July 2017 at the Gardens
by Nicole Murray
This summer is flying by! With all the exciting adventures that come with summer, it’s important to stop and smell the roses. They’re in bloom! Whenever I enter a garden I like to slow down and have a close look at things. I check the underside of leaves to see if there are any bugs or fungus and looking at the general appearance of the plant. Some plants may have fallen over or grown into one another, and others might look a little thirsty. I watch the bees and other pollinators do their work and occasionally get a visit from a hummingbird. Observing and assessing the garden helps you learn about how your garden works and all the individuals that play a part in the whole community.
For July, Nicole discusses assessing friends of the garden such as such as ladybug larvae and pests like cabbage moth caterpillars. Click on the playlist and choose July videos in the playlist (top left of video) if you are wondering what these little guys look like.
Those cute little red spotted beetles we welcome in and sing rhymes about are a beneficial addition to the garden community. The ladybug life cycle isn’t much different from a butterfly. It goes through the same 4 stages; the egg stage, larval stage, pupa and adulthood. The eggs are attached to the underside of leaves to protect them from flying predators. The eggs are yellow and usually in groups of 10-15. The ladybug does eat aphids but when it’s in the larval stage they come out hungry!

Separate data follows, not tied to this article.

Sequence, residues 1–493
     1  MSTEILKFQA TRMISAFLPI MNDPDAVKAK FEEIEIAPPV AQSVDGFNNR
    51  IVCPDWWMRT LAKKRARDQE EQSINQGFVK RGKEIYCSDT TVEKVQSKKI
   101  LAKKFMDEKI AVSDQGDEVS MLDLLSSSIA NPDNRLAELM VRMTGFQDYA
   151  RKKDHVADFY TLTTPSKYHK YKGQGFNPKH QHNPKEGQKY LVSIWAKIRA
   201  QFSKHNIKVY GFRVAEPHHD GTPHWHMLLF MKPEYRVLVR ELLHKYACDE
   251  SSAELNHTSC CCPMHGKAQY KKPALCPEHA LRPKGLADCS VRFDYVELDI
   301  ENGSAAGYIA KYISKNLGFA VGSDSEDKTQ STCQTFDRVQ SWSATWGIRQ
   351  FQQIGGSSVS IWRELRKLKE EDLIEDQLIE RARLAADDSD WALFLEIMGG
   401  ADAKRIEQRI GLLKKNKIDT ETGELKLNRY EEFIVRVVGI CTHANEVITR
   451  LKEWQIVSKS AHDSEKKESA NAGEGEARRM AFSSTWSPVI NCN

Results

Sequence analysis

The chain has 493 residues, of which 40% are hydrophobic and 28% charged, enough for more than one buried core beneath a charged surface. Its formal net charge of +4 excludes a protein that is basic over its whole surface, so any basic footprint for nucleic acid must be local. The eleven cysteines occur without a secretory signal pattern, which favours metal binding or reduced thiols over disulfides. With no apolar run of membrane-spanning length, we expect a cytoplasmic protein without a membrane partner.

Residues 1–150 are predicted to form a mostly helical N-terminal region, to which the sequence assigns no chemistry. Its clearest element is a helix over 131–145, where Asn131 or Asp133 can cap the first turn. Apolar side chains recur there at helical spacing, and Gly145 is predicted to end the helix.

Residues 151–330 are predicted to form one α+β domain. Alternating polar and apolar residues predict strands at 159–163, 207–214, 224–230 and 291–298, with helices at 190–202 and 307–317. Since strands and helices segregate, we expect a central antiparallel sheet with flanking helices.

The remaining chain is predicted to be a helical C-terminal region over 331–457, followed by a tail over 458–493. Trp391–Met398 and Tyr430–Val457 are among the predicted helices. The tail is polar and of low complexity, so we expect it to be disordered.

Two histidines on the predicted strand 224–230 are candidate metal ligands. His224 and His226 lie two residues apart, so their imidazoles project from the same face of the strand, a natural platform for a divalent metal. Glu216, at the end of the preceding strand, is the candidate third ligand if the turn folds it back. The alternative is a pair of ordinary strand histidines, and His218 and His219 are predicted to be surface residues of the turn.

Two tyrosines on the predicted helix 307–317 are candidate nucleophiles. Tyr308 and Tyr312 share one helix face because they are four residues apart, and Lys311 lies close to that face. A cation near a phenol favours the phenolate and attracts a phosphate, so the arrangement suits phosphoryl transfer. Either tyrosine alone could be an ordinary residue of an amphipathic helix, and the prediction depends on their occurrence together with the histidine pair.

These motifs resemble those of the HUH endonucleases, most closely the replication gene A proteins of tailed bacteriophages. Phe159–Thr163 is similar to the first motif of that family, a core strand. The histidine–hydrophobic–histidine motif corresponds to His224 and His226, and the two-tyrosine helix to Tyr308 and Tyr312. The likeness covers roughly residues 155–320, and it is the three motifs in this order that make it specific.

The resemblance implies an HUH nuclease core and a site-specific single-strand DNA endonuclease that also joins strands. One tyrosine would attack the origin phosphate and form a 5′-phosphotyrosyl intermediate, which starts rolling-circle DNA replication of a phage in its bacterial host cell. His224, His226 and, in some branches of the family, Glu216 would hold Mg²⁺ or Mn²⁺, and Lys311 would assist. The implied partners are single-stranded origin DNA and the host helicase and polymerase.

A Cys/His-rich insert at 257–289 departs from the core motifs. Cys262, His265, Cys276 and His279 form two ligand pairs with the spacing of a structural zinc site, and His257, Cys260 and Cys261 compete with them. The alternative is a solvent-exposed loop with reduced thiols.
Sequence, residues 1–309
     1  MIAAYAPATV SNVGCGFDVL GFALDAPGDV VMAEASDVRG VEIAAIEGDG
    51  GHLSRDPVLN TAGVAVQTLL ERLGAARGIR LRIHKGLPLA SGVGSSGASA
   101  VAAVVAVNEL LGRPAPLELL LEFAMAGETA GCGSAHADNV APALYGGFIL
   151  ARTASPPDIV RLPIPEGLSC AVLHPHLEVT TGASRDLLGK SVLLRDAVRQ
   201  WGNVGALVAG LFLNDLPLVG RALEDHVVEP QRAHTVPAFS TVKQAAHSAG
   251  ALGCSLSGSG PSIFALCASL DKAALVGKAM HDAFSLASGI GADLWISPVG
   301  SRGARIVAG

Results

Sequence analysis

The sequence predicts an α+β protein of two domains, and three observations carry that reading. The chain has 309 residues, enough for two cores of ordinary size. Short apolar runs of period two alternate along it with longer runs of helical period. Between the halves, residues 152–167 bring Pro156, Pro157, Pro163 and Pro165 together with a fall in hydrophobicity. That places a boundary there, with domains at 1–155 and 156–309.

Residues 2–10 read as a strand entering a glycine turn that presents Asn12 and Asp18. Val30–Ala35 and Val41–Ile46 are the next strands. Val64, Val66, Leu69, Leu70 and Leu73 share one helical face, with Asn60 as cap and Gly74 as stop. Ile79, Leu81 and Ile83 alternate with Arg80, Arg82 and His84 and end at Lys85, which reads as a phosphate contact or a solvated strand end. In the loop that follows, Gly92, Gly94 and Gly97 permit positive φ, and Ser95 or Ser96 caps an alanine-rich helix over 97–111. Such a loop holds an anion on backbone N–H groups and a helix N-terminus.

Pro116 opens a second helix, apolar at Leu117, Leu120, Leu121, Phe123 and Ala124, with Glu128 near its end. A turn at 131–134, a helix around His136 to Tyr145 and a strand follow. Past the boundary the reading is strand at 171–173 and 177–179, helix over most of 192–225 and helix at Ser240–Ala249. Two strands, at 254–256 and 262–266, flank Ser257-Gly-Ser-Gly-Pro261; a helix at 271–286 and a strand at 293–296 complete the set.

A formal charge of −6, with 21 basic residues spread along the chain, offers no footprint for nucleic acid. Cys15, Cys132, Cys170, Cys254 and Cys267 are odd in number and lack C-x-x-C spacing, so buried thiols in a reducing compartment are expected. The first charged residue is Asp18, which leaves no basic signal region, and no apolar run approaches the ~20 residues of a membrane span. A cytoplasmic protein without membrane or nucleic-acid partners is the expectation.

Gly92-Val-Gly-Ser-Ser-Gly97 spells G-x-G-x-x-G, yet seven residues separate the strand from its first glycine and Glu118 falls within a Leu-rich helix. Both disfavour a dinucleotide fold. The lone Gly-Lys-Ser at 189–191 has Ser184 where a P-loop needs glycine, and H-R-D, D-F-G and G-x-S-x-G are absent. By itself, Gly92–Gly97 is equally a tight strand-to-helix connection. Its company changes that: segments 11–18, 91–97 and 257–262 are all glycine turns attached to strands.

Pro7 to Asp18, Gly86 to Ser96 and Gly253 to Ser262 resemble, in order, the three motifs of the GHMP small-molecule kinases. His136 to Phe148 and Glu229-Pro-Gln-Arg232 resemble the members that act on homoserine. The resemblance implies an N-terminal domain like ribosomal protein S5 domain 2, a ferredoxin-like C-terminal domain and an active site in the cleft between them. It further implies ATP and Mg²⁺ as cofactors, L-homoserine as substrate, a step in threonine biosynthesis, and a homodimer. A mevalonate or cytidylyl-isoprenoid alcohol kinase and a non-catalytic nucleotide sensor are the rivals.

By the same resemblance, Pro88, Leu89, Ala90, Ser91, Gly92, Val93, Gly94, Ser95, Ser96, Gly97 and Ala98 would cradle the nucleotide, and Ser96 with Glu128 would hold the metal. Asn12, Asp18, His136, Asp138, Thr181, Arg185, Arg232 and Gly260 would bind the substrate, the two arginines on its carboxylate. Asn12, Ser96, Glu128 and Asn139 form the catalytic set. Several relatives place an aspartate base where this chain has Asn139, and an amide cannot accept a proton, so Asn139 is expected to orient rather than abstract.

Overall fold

The larvae look like tiny black and orange alligators and have quite the appetite for aphids and other mites. Once the larva has reached a certain weight, about 15 milligrams, it enters the pupa stage. They attach themselves to a leaf and develop into a ladybug. Depending on the temperature this stage can last 3 days to 2 weeks for the ladybug to emerge. So have a look around! You never know what interesting things you’ll see.
Looking Into The Future of SEEDS
Stephanie Myers and Jon Meir of the SEEDS board of directors presented to the city council at the Committee of the Whole on Monday, July 17th.
The SEEDS board has been hard at work refocusing the organization back to its original purpose. Engaging seniors, school kids and everyone in-between to share knowledge and skills relating to growing food. Education is the key.
We are hoping to make use of the old Growmore (greenhouse), we want to take it off the city’s hands and move it into the outdoor space and re-skin it. This will require more area, so that is what we requested from the city. We will need to discuss this with the parks staff that we share the space with. They have been wonderfully generous thus far, so we are hoping this can move forward.
Thanks to all the organizations that gave us letters of support for this project: West Kootenay EcoSociety, the Nelson Food Cupboard, Our Daily Bread and St. Saviour’s Food Pantry.